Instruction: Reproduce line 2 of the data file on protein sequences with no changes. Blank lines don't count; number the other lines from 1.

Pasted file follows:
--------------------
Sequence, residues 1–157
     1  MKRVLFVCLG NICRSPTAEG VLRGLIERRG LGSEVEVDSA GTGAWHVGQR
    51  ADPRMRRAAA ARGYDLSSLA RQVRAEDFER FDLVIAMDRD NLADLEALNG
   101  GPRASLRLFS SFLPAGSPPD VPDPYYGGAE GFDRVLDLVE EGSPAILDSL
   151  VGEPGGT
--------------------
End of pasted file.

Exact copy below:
     1  MKRVLFVCLG NICRSPTAEG VLRGLIERRG LGSEVEVDSA GTGAWHVGQR